MTV's big night just crass & clueless
September 7, 2001
BY JIM DeROGATIS STAFF REPORTER
An orgy of self-congratulatory hype. A model of cross-promotional corporate synergy. A
celebration of all that is vapid, soulless and overcommercialized in popular music today.
Ah, yes: It must have been the 2001 MTV Video Music Awards, which were broadcast live
Thursday night from the Metropolitan Opera in New York City. Established so that the
monopolistic music network could applaud its own programming choices, the Moon Man statue
itself has never had any credibility. But the VMAs used to be at least the edgiest and
most entertaining of the music awards shows.
Reflecting the current lack of imagination at the top of the pop charts, MTV has been
in a downward spiral for several years, however. And this year's edition of the VMAs was a
stiff, leaden bore.
||LIST OF WINNERS
**Best video of the year: ''Lady Marmalade,'' from ''Moulin Rouge.'' n Pop video: 'N
**Group video: 'N Sync, "Pop."
**Dance video: 'N Sync, "Pop."
**Direction: Spike Jonze, "Weapon of Choice," by Fatboy Slim.
**Breakthrough video: Fatboy Slim, "Weapon of Choice."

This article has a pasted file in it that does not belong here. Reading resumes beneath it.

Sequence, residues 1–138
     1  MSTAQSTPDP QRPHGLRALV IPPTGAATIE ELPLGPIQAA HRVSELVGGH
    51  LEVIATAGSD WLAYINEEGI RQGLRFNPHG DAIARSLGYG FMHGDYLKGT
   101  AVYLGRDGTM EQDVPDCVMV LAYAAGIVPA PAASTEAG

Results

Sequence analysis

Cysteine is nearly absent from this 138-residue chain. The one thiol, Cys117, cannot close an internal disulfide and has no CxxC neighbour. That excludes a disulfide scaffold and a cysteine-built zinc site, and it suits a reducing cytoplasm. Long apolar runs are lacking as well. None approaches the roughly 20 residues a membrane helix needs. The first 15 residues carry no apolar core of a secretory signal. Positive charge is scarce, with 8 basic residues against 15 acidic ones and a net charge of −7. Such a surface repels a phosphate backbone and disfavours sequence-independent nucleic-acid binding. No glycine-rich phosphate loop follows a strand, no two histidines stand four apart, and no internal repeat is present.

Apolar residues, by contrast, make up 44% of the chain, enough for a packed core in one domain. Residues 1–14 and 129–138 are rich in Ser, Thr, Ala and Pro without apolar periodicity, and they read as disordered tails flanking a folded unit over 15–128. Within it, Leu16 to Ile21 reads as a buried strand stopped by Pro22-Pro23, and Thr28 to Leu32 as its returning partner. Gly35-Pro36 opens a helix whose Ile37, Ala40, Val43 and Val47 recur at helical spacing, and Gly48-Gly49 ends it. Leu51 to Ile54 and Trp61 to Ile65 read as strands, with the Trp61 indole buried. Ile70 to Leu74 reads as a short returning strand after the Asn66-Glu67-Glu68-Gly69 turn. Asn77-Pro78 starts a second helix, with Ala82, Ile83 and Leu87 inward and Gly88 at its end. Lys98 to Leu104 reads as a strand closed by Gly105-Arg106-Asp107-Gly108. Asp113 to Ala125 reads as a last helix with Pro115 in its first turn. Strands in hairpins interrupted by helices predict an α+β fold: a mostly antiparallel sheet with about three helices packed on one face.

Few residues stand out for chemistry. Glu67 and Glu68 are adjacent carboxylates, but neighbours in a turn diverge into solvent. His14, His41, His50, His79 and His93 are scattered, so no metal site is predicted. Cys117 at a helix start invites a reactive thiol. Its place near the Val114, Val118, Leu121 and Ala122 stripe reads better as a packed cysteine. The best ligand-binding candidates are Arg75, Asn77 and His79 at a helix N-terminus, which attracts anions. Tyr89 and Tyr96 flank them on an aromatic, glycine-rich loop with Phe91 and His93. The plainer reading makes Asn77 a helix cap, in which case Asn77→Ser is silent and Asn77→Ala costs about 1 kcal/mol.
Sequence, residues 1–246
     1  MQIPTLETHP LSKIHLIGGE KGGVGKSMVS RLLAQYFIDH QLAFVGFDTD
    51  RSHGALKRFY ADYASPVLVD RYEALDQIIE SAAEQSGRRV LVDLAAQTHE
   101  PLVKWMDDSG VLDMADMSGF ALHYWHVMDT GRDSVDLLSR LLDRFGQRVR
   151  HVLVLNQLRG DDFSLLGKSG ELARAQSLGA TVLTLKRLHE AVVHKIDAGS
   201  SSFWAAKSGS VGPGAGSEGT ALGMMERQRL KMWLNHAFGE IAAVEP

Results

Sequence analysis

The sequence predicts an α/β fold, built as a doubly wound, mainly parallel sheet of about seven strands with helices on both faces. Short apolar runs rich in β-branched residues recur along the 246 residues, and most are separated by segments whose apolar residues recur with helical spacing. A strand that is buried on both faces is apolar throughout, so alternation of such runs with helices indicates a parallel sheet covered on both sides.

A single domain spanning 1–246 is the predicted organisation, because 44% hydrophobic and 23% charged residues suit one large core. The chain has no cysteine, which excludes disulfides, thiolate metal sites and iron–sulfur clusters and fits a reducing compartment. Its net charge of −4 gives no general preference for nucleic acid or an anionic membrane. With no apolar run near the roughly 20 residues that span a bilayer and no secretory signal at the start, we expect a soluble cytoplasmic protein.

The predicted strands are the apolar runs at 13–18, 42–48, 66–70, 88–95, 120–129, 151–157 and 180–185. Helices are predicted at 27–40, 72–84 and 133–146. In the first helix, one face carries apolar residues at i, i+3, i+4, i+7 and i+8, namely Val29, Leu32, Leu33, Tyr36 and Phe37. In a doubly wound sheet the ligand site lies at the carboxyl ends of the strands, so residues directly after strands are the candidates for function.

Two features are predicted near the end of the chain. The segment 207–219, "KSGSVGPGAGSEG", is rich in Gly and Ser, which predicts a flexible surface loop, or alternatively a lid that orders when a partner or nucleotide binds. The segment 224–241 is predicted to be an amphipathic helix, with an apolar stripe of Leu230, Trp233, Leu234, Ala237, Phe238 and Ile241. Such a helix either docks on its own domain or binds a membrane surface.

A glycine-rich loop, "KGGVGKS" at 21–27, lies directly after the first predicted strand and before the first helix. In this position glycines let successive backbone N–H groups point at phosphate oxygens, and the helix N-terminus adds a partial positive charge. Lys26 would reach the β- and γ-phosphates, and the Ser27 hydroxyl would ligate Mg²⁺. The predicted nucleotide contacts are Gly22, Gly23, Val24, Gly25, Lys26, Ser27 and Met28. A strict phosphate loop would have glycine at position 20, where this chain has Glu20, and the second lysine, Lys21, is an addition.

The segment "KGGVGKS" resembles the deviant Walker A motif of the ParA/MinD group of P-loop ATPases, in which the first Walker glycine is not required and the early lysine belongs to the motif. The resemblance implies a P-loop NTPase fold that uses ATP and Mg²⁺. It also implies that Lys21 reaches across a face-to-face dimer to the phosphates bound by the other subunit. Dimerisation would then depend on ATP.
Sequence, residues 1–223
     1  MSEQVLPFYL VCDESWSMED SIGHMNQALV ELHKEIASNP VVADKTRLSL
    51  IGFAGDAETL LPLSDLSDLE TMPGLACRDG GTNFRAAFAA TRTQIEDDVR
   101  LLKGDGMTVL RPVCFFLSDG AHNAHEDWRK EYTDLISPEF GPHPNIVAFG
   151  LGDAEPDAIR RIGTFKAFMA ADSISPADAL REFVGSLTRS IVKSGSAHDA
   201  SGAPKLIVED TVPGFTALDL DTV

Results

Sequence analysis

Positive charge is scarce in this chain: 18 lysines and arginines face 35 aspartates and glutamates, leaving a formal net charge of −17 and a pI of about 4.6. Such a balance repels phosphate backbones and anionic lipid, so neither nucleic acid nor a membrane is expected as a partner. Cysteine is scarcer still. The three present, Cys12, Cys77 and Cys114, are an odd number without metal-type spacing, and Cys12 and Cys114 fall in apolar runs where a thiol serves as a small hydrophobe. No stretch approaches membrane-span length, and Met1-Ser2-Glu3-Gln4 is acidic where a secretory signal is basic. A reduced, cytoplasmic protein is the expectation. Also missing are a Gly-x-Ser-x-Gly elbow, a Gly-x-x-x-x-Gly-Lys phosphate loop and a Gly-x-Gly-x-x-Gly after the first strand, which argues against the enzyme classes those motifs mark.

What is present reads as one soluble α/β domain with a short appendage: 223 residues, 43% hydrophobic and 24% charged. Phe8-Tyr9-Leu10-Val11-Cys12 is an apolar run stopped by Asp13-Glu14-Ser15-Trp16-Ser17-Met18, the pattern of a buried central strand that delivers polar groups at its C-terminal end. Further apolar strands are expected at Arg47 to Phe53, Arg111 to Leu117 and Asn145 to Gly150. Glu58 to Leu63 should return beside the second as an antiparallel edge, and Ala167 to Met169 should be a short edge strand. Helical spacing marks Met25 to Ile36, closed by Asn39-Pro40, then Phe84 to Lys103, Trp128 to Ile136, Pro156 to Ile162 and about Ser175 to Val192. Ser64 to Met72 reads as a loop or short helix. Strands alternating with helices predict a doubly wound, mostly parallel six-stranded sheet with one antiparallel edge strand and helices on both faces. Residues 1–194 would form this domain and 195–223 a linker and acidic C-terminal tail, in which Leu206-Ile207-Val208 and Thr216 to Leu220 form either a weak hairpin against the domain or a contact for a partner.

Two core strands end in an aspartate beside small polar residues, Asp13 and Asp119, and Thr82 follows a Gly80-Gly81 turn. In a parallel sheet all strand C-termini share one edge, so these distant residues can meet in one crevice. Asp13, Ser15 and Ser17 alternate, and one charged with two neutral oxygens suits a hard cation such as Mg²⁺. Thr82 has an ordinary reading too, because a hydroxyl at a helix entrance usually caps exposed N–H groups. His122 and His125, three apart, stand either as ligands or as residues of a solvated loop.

**Male video: Moby with Gwen Stefani, "South Side."
**Female video: Eve with Gwen Stefani, "Let Me Blow Ya Mind."
**New artist: Alicia Keys, "Fallin'."
**MTV2 Award: Mudvayne, "Dig."
**R&B video: Destiny's Child, "Survivor."
**Hip-hop video: Outkast, "Ms. Jackson."
**Rap video: Nelly, "Ride Wit Me."
**Choreography: Fatboy Slim, "Weapon of Choice."
**Cinematography: Fatboy Slim, "Weapon of Choice."
**Special effects: Fatboy Slim, "Weapon of Choice."
**Art direction: Fatboy Slim, "Weapon of Choice."
**Editing: Fatboy Slim, "Weapon of Choice."
**Best video from film: ''Lady Marmalade,'' from ''Moulin Rouge.'' n Viewers' Choice
Award: 'N Sync, "Pop"
**Rock video: Limp Bizkit, "Rollin'"
**Michael Jackson Video Vanguard Award: U2
The lack of inspiration was obvious from the opening skit. In a nod to Billy Crystal's
Oscarcasts, miserably unfunny host Jamie Foxx launched the show with faux opera versions